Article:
• First, it drove itself into near ruin when, as one of the corporate darlings of “Quebec Inc,” it grew to be almost totally reliant on government money that required nothing in return ~ there was a good reason that the very senior civil servants who designed the National Shipbuilding Procurement Strategy in around 2010 left Davie off the list: it was  a terrible company, no matter where it was based;
  • Then, Davie solved part of that problem by being taken over (and over and over, again) by foreign (European) owners; and
  • Third, Davie committed the unpardonable sin of being original and innovative.

There is, of course, a simple way for Team Trudeau to solve the job problems in 19989686_1537964656262259_625661124579042676_nVancouver and Halifax (and in Levis, for that matter): pump some extra  money into the Arctic Offshore Patrol Ship project at Irving to build one or two more ships of that class ~ I understand Irving has, maybe, just barely enough money to build six of the eight ships NSS-Rendering-Next-Generation-800x452the Navy said it needed. In Vancouver, once again, some additional money could be injected to either add another Coast Guard Ship or move ahead with the Polar Icebreaker or bring the Navy’s supply ships forward. But I doubt the Trudeau government wants to spend any more money on ships … they are not part of any of the sunny ways, feminist, green or First Nations agendas.

As for Chantier Davie, I fear that Kevin McCoy’s comments have opened the door for Davie to play the Québec card and fan the flames of anti-Ottawa/anti-English sentiment that are never far below the surface.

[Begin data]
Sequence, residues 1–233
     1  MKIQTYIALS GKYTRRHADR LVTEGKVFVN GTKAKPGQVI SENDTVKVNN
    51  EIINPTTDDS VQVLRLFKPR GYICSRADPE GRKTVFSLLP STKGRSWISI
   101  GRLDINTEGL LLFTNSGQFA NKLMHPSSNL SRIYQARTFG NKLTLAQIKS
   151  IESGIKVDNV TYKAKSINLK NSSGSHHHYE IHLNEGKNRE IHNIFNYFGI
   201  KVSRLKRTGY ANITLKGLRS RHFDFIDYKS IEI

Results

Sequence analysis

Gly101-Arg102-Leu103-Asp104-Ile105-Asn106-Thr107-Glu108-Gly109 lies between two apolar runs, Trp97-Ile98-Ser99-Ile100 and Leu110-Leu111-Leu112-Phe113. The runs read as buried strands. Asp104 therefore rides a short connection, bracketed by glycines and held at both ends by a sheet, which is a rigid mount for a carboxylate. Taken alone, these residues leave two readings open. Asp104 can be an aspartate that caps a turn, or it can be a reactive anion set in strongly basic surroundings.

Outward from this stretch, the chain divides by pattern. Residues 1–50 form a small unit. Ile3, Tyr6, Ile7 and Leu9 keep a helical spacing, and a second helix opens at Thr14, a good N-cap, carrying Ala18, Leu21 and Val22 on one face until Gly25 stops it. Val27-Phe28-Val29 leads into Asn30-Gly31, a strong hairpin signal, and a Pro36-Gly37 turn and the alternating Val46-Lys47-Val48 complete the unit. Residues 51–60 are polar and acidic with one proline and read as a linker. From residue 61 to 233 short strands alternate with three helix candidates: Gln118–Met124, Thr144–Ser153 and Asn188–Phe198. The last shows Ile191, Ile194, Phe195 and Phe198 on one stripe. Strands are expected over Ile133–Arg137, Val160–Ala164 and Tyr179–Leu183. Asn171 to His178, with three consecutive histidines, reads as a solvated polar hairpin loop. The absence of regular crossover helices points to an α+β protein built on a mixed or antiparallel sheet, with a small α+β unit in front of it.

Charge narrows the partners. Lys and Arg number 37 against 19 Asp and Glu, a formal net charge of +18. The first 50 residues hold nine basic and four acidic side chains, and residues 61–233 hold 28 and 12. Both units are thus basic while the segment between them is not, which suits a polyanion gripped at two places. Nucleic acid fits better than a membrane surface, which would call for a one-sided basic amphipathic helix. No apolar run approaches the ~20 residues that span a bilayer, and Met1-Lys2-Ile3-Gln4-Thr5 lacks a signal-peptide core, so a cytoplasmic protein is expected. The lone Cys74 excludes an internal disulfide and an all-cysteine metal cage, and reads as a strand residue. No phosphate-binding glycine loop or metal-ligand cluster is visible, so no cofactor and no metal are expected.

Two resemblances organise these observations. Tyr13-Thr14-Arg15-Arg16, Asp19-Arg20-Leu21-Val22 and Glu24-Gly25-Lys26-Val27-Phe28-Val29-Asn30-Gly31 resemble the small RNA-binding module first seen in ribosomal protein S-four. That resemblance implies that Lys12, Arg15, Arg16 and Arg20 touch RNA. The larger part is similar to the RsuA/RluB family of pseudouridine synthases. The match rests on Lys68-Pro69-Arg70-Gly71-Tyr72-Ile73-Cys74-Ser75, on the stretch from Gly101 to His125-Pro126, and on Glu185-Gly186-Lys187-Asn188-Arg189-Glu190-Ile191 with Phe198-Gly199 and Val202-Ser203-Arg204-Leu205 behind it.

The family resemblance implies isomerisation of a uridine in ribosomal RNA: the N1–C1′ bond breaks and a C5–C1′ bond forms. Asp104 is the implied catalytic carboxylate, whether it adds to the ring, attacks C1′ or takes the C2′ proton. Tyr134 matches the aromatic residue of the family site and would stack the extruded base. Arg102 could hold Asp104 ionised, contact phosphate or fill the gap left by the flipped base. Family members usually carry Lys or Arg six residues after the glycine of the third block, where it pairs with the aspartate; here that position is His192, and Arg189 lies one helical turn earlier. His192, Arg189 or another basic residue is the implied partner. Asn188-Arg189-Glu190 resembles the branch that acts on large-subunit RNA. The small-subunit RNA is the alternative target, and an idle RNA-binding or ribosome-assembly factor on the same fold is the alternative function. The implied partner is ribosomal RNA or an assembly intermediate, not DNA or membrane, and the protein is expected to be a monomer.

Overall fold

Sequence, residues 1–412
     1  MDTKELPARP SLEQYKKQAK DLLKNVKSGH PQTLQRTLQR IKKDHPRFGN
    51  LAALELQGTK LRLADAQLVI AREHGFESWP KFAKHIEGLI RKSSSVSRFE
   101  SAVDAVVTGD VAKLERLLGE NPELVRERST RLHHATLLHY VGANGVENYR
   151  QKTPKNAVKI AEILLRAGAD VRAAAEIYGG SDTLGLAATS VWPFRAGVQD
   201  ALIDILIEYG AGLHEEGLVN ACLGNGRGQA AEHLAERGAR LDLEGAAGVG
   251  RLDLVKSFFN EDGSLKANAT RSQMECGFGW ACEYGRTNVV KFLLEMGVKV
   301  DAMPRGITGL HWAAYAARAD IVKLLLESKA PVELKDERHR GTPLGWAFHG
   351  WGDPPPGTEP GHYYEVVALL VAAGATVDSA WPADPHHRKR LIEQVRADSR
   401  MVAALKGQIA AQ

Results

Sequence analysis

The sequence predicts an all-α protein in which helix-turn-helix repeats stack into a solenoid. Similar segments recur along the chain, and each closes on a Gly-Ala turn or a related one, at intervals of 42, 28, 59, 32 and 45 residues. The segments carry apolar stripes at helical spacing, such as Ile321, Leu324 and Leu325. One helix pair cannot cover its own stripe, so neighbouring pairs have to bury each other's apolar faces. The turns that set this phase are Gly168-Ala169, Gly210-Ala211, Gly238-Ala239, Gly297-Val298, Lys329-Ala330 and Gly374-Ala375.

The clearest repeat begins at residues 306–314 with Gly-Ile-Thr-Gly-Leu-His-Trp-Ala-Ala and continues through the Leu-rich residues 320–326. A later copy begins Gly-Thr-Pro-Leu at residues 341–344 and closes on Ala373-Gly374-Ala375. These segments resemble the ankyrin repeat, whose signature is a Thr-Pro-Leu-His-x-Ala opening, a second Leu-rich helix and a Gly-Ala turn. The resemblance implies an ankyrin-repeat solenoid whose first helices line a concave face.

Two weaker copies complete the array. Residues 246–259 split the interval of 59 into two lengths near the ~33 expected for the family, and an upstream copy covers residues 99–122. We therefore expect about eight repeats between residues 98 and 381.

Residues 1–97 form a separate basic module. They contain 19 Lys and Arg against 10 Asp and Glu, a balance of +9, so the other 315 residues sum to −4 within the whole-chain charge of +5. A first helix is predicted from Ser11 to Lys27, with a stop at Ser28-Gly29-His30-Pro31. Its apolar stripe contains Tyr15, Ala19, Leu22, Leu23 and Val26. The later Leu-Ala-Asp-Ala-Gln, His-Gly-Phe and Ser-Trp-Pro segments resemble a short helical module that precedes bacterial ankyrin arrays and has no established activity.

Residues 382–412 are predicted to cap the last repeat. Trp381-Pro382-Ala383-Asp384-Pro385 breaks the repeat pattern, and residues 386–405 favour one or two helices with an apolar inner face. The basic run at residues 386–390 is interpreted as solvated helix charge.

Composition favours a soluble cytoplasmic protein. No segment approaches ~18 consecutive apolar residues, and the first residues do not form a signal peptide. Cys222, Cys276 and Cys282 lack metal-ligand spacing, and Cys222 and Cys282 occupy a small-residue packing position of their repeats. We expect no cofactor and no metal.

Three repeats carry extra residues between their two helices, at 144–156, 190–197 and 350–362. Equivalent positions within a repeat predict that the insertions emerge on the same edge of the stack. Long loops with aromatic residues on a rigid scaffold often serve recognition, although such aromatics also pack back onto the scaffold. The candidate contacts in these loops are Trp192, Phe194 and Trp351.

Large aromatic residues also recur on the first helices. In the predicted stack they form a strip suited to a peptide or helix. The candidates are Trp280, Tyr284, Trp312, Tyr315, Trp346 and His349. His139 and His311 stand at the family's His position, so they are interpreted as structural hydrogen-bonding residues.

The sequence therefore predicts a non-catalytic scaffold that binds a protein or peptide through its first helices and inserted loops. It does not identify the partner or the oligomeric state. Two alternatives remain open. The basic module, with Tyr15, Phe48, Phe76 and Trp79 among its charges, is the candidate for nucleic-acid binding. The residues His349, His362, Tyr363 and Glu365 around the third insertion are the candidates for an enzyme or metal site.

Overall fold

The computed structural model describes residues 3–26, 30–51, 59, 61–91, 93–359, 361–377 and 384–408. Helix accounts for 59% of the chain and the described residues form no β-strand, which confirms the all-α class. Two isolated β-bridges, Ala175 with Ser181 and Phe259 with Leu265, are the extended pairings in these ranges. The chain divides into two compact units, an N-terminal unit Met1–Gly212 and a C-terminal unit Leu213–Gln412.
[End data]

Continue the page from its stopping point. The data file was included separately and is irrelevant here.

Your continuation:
I think that the Trudeau regime is employing a dangerous double standard here and I suspect (hope, actually) that it will come back and bite them in the bum between now and 2019. The smart thing to do now would be to:

  • Remind Mr McCoy that a closed mouth gathers no feet;
  • Tell senior civil servants that they, on behalf of ministers, not civilian contractors, are responsible for how projects move ahead ~ it may be, as some foreign potential bidders have complained, the process for selecting the new Canadian surface combatant is deeply flawed because it allows Irving to have to much control. If that’s the case then Irving needs to be reminded that is responsible for building ships, not for deciding government policy; and
  • Reopen the  National Shipbuilding Procurement Strategy, top to bottom, to ensure that it is, indeed, national, not just in favour of two contractors.


Published by Ted Campbell

Old, retired Canadian soldier, Conservative ~ socially moderate, but a fiscal hawk. A husband, father and grandfather. Published material is posted under the "Fair Dealing" provisions (§29) of the Copyright Act for the purposes of research, private study and education.

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  1. Agreed. McCoy’s remarks struck me as ill-chosen, to say the least.
    Or move the destroyers (sorry if that’s an unLiberal / unCanadian word) forward. And the icebreaker is about thirty years overdue – remember Polar 8, not to mention Polar 10?